Oddly striking in all of this: most of my poetry is freeverse, just not what I choose to publish.  Early on though, my sonnet writing began.  And, because I was emulating/idolizing great writers I most admired, and because my dearest loves it so, I began using (however imperfectly) Elizabethan and Early Modern English.  Even then, I found my way to more modern English.  You will see it here and there represented.  Older forms of English can be more difficult because of the syllabic changes in verb conjugations.  As such, modern English is rather more flexible which, of course, is why I use the more difficult form.  Besides the obvious, it’s the greater challenge.
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All this writing of reverse…

…Spenserians, I have finally (I think) ended the male body series with number ten, the last of which is a more or less standard Spenserian.

And, I believe perhaps, this is the one that causes me the most embarrassment.  I found myself blushing as I wrote this one–quite a comical picture, I may assure you.

To be sure, this was very definitely not the most embarrassing moment I have felt during this sonnet project.  I believe I have never been so embarrassed in my entire life as while writing the sequence which idolised me, myself, from the eyes and words of my sweet wife.  That was by far less theoretical, and hence, much, much more embarrassing.

Regarding the ending of the series, I say “I think” it is the last one in the series, because…  well… one never knows.  Embarrassing or not, it really is quite an intriguing subject, and does, from time to time, elicit moments of curiosity and reflection.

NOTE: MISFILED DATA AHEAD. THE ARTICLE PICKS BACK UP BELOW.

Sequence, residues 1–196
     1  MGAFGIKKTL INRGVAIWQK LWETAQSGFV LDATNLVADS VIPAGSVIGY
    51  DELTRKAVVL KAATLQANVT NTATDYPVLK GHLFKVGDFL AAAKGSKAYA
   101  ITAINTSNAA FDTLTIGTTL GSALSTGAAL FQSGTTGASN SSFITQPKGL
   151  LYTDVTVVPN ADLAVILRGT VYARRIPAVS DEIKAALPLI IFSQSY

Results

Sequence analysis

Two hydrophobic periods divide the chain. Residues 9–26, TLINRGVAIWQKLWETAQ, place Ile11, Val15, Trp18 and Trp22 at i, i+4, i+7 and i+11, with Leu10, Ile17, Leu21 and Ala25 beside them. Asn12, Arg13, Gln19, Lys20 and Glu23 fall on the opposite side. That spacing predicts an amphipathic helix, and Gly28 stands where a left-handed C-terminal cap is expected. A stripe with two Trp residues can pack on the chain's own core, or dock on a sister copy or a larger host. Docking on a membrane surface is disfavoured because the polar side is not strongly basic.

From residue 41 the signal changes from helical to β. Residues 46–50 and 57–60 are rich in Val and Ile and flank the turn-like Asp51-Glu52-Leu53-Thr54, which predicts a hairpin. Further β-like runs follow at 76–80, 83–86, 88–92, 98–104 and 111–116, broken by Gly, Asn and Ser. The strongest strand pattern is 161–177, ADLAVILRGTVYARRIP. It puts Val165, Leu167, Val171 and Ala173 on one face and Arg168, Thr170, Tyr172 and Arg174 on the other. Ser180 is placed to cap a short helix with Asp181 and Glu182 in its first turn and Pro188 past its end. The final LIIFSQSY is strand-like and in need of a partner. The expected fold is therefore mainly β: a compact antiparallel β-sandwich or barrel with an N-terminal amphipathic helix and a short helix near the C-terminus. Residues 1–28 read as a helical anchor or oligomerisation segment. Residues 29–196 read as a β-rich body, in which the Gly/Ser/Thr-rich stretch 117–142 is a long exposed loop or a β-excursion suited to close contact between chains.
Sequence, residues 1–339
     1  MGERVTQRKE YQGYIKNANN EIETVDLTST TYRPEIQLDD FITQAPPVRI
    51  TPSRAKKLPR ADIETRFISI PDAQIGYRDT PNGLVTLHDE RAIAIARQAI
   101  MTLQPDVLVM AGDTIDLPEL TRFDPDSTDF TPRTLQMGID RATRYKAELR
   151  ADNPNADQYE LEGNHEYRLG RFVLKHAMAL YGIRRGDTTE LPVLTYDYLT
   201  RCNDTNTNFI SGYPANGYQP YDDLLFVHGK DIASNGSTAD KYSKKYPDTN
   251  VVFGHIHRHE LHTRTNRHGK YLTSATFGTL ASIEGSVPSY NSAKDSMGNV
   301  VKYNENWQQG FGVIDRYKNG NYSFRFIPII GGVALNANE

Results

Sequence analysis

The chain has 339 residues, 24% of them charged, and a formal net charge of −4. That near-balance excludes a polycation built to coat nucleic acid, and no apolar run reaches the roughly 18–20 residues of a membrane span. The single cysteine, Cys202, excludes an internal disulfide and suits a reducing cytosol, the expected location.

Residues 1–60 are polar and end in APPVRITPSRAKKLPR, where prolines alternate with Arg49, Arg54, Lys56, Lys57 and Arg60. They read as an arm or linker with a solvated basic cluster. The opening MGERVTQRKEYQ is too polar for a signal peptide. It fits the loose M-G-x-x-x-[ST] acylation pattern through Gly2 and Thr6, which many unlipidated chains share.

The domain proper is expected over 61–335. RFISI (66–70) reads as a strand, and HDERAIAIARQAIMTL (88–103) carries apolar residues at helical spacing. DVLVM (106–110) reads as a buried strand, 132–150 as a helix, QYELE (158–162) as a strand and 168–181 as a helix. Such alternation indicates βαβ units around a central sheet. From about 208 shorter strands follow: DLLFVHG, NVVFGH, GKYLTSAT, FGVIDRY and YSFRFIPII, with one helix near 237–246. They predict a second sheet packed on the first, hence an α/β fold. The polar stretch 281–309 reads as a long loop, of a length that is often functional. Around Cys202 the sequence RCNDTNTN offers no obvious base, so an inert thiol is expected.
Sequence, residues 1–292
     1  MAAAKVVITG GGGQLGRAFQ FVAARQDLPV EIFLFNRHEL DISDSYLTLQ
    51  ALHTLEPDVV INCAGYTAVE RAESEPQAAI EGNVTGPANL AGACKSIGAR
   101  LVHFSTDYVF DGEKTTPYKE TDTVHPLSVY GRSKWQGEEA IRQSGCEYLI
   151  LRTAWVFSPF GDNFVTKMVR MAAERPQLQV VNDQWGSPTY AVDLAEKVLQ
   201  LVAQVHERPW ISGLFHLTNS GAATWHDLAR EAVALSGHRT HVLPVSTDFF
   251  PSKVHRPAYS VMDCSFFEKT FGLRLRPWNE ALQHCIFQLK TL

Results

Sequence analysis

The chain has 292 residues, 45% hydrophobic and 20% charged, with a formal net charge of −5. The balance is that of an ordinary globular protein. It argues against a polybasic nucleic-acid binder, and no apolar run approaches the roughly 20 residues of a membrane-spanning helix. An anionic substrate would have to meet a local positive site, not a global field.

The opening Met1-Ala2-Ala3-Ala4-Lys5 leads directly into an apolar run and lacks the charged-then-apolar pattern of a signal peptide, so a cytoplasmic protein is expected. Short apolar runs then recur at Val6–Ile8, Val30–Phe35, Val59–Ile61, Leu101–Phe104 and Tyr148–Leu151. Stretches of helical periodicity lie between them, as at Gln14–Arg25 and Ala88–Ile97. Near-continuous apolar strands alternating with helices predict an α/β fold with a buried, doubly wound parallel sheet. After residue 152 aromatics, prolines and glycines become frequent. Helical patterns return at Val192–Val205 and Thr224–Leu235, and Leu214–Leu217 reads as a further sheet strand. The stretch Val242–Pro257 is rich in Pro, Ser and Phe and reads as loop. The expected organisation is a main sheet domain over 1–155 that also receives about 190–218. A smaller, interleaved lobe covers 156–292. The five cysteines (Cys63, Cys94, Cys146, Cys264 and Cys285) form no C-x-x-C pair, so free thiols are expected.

Even in cultures wherein such things were known quite openly to be commonplace, as in Ancient Rome, for example, there was still a bit of embarrassment among ordinary men regarding the subject.  Such things needed to be kept in proper perspective, after all!  Among the vast numbers of men–the great majority of which had no degree of unusual inclination or nature–even given that it might have been more common a subject at such times–such things would have been met with reticence, particularly when in the case of admitting such things personally. This kind of reticence spans all ages of the world, as far as I am able to discern, and even seems to be woven deep within our DNA perhaps, along with such inclinations as and of which we are capable.

And, of course, I am not speaking, or rather writing, of any of us less usual, such as today might be so labelled as one type or another.  Such people also were well known to those  as in my example of Ancient Rome.  Known and well understood, much as they are today, quite in contrast to the nature of the vast majority of us so glossed over, or perhaps, to re-purpose a common term of deconstruction: “marginalised.”

And…  I believe I have now said much more than I had at first intended, and certainly, even by Roman standards, far too much!!

A Viking limerick | Björn Rudbergs writings

A few days ago, I found myself, over dinner, telling a friend about these two.  So I thought, for his benefit, I’d dig them up. Bjorn wrote the following to a visual prompt:

Once was a heathenish Viking
Adored the fighting and striking
But when coming home
From a killing roam
Knitting was more to his liking

And I answered thus:

This Viking, was quite a go-getter,
And although he was colder and wetter,
While on his way home,
From the sacking of Rome,
He was glad he had knitted a sweater.

via A Viking limerick | Björn Rudbergs writings.